(Lucas Erickson / OnStage)
In the spirit of Chaplin and Orwell, Lucas Erikson was proud to introduce an old play brought to the stage last fall, written 80 years ago, satirizing dictators and their rise to power. The Resistible Rise of Arturo Ui tells of a gangster who mimics the strategies and mannerisms of past dictators, particularly that of Adolf Hitler himself. Erikson states that, while the play may not be as topical, the story of Arturo Ui will remain relevant as long as “fascism is still relevant”.
This play is just one of many that Erikson and others have helped bring into the limelight.
Erikson is the founder and program manager of an organization known as OnStage, a theater outreach program that brings actors and theater educators into classrooms and community settings around the Twin Cities.
(Lucas Erickson / OnStage)
The program’s upcoming project entitled The Most Beautiful Home… Maybe, created by Mark Valdez and Ashley Sparks, is a commentary on the subject of race and housing in America. Touring four cities across the country, including Minneapolis, the play aims to use art as a tool to discuss and influence housing policy, especially as it pertains to its lengthy history of racial discrimination.
To accomplish these aims, OnStage brings together community stakeholders to investigate the issues in each city. They will then use the information gathered to create a play to be performed in each participating city. Community workshops will be organized with local partners to bring together relevant stakeholders including people experiencing housing insecurity, policymakers, commercial developers, and community development corporations and advocates. By reaching out to representatives of these groups, OnStage strives to spark dialogue about these plays by bringing people together that would not interact with each other otherwise, in order to foster systemic change.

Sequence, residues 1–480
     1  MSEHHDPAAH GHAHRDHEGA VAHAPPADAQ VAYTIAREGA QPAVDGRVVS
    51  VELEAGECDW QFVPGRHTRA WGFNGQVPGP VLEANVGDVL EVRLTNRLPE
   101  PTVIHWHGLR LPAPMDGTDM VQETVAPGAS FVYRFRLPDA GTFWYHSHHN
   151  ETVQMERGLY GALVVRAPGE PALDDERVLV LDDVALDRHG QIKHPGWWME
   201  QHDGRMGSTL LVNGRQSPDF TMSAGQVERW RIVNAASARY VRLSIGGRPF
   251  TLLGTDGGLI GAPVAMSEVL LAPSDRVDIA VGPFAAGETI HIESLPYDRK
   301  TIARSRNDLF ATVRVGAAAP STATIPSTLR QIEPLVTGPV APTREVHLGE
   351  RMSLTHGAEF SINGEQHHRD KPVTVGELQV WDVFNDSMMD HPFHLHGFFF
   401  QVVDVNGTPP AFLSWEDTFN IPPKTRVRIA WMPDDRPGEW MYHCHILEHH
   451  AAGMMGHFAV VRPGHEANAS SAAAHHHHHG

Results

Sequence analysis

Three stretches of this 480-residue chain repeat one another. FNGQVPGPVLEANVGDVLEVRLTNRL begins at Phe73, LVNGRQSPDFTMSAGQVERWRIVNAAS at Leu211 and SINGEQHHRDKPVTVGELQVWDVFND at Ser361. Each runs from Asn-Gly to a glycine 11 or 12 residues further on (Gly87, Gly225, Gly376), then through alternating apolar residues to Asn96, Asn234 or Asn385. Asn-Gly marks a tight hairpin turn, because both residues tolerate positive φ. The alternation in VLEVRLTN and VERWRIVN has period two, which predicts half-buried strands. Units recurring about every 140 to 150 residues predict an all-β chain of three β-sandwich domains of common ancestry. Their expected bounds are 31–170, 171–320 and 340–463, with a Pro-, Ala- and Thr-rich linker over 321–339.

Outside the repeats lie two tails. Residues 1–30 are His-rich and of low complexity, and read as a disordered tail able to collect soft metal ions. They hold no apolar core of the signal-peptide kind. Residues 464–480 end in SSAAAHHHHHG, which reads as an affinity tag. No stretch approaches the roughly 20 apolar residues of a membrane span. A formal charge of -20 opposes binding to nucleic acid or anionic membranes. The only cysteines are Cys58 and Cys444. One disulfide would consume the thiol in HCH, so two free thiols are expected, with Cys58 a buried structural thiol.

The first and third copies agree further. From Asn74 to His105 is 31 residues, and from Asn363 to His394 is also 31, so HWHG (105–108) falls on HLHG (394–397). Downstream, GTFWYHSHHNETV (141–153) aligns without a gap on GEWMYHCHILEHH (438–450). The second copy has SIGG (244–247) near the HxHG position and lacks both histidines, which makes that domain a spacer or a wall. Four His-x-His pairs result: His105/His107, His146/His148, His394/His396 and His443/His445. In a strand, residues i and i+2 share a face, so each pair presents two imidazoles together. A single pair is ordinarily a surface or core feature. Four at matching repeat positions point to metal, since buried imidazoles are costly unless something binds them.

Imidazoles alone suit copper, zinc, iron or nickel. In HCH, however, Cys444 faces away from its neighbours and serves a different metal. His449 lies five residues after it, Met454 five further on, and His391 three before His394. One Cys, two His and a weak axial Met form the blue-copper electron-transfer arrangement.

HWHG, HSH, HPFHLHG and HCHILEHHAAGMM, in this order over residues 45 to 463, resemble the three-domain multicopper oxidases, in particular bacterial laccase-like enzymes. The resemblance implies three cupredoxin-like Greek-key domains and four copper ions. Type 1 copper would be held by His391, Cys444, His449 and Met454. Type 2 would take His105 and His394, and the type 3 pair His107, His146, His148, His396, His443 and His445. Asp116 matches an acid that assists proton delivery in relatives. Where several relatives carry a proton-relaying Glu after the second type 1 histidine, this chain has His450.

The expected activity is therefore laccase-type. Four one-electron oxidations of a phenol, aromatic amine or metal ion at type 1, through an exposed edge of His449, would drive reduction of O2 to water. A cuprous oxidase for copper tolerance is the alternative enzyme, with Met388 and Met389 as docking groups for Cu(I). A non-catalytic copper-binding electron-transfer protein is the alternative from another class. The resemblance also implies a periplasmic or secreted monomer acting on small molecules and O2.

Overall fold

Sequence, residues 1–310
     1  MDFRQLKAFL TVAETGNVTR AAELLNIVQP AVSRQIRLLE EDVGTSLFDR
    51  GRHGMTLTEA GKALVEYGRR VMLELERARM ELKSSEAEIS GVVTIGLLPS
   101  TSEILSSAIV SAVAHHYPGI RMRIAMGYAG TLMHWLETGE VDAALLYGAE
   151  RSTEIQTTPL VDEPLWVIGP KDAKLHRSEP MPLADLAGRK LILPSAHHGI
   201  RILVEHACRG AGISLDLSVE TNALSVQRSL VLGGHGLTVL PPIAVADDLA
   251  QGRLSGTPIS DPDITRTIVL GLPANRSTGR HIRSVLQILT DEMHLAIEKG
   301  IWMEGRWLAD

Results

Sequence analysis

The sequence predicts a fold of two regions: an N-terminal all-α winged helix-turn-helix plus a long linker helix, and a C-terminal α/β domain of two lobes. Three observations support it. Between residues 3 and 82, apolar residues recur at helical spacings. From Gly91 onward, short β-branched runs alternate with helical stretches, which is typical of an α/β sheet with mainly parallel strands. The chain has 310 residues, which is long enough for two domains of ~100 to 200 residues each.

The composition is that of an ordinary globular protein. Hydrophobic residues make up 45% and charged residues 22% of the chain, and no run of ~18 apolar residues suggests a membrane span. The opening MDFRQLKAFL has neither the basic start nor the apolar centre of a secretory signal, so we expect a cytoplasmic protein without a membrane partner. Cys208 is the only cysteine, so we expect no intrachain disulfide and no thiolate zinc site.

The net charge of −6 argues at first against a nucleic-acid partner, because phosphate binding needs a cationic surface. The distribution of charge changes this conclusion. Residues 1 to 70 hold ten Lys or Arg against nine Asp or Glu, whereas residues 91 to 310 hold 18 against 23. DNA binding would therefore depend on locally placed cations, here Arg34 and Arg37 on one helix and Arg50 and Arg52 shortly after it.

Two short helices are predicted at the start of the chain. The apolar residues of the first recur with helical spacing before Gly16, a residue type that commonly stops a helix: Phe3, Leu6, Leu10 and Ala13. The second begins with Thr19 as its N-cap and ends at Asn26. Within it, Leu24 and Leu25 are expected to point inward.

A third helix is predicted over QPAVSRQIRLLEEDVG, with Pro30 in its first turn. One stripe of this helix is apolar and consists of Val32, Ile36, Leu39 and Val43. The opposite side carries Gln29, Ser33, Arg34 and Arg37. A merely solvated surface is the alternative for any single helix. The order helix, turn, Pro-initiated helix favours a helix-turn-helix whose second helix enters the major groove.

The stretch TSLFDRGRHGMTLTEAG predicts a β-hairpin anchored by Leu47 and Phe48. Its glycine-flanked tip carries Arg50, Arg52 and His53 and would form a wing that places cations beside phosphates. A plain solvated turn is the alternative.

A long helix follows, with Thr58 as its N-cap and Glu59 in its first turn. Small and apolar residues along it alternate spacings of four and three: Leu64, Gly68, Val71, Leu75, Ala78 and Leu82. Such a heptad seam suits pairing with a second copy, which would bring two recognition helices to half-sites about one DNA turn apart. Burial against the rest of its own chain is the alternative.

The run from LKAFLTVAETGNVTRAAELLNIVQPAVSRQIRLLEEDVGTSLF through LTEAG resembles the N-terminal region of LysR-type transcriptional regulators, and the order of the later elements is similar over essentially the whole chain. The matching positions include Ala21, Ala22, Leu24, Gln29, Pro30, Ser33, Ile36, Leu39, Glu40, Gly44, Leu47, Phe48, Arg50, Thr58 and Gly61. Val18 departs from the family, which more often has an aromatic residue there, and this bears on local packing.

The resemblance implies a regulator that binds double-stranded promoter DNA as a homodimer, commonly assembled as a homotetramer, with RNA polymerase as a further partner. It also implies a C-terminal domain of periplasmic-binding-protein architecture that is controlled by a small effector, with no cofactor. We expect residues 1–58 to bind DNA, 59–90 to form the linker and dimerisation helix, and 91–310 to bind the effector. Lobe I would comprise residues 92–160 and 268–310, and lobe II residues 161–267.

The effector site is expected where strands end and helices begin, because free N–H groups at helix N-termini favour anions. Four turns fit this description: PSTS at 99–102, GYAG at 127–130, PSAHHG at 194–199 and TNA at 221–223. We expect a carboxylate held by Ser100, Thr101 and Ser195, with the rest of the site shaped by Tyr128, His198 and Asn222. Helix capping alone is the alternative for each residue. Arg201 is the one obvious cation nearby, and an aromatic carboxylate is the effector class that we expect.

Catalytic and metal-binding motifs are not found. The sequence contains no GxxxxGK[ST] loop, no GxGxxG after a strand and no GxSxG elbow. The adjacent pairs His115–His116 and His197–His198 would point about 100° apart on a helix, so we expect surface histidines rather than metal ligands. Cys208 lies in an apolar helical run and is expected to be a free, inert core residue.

There is a clear precedent for bringing the topic of race and housing to light. Between 1910 and 1955, data was collected concerning Hennepin County’s racial covenants. According to the University of Minnesota’s “Mapping Prejudice Project”, these covenants were legal clauses
embedded in property records that restricted ownership and occupancy of land parcels based on
racial groups. These policies were one of many involved in the practice of redlining, a system which denies members of minority communities access to the housing market, whether directly or indirectly, based on location rather than qualifications.
(University of Minnesota Mapping Prejudice Project)
While racial covenants were outlawed in the 1960s, the legacy of this practice lives on.
The overt redlining of yesterday greatly contributed to the crime, poverty, voter suppression, and racial division present in our nation today. While more covert, the practice of redlining continues and remains responsible for the ongoing racial wealth gap.
In the hopes of effectively changing policy and making live theatre accessible to as many people as possible, Erikson will work with troupes of actors, artists, and technicians to present the show outside of conventional theatre spaces. While there are plans to present the show at the Mixed Blood Theatre, online presentations will take place to accommodate social distancing.
Metro State’s own Diana Dean, senior professor of social sciences, expressed both optimism and gratitude with the project and those involved in it respectively, summarizing the mission of the play “to interrogate the founding principles of ‘We the People’ and ‘All men are created equal’ as we consider the great writings of the social sciences. We have been discussing the ways that inequality is created and sustained and institutionalized.”
If all goes according to plan, The Most Beautiful Home…Maybe will premier in Minneapolis this fall. No matter the form in which it is presented, it is hoped that the play will shed light on an important topic of debate that few have been willing or able to discuss.
Whatever the subject, there is no doubt that OnStage has much to say about our country and society as a whole, and it seems the strongest way to share these ideas has been through the art of live theatre.